If you teach the same lesson, the same way, to every class, year after year, you might have successes: the carefully but imperfectly shaded portrait of Jimi Hendrix, Rest in Peace; the painting of a lighthouse a thousand miles away, from some 1990’s calendar, that Grandma can put on her fridge; but you won’t have any surprises. To be an excellent teacher, you have to take risks. Put yourself in the position of your students: try something new. Hold onto the bungee cord, hold tight, but jump, look at the magnificent rushing river underneath your dangling feet, and look back up at your colleagues at the top of the bridge- whoo hoo!

One of the weirdest and most exciting teaching experiences I ever had was at Mt. Ararat. One of my classes was a 3D Design class. I was really into installation art at the time, and we had a huge entryway to the school that I found all sorts of ways to mess up. One year, I invited the sculptor Michael Shaughnessy to work with the class. We brainstormed together ourselves, and then with the students, to come up with some ideas for installation sculptures based around themes of the students’ choice. The largest and most exciting piece was conceived by all of us collaboratively. The students decided to use the theme of the interactive process of teaching and learning. We gathered all the extra desks and chairs from a storage room, and arranged them in a giant spiral in the main lobby, about 20 feet across. We lined the top of each desk with potting soil, and planted seeds in the dirt. We suspended lights from the ceiling to represent the light of knowledge, and teaching. Slowly, over a couple of weeks, the seeds sprouted and grew lush green grass. The remarkable thing about this was that this weird sculpture, in the main lobby of the school, was not damaged or vandalized. This was before security cameras were routinely installed in hallways. In fact, at the end of the two weeks, students wanted to keep it there. They loved how it changed every day, how they understood the metaphors we tried to communicate, and that they grew to find more meaning in it, from their own experiences. It was a sad day when we had to dismantle it.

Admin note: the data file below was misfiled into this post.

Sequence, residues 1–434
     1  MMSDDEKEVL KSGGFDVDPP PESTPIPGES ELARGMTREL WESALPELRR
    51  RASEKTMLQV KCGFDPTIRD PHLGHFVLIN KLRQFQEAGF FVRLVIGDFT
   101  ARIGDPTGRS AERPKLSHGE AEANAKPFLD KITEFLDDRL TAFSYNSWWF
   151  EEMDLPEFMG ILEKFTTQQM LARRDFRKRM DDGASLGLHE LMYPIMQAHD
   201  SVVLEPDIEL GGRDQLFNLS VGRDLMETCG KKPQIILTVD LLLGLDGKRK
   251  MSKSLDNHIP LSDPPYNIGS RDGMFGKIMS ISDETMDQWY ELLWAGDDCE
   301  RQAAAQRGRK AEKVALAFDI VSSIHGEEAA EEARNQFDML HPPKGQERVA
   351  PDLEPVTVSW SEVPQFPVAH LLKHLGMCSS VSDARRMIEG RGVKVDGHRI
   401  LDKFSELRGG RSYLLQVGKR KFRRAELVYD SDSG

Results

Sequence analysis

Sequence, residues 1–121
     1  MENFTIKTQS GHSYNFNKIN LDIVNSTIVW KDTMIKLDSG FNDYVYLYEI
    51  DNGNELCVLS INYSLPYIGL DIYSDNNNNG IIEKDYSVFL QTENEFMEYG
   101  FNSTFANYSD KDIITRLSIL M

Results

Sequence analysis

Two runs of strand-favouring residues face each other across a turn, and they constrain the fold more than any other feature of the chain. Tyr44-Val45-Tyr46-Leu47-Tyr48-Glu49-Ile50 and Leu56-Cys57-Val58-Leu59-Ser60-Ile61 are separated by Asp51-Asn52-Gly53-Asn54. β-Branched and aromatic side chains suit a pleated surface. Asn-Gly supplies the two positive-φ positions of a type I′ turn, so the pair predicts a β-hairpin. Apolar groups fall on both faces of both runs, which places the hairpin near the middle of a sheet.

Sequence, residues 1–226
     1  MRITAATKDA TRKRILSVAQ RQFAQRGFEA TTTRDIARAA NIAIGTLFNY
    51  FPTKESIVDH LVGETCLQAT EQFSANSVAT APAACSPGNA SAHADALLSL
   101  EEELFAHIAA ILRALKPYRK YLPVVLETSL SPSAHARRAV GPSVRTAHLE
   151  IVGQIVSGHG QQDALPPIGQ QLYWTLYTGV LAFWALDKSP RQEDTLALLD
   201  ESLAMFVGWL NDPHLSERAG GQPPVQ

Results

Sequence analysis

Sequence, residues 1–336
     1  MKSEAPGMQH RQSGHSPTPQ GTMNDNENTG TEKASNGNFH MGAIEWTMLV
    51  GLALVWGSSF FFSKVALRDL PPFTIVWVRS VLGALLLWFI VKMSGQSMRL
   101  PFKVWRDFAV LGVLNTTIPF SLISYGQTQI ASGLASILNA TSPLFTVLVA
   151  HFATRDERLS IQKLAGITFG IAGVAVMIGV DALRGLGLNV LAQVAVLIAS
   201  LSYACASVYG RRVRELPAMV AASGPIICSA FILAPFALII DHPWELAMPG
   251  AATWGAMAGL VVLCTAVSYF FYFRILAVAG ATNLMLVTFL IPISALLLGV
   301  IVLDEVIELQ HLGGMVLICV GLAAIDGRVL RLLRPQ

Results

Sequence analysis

That project was one of the most memorable and exciting because it was a risk. We had to plan extensively, we had to negotiate with the principal, communicate with the Fire Marshal; we had to be willing to accept that for some students and parents, this might just be too bizarre and conceptual to accept. Because the students were integral to every part of the process, however, it was valid for them. It was their project. That was crucial, and I think it’s important to remember that, as we work at creating lessons tailored to meet specific district and state standards. It has to be their projects, their ideas, their learning.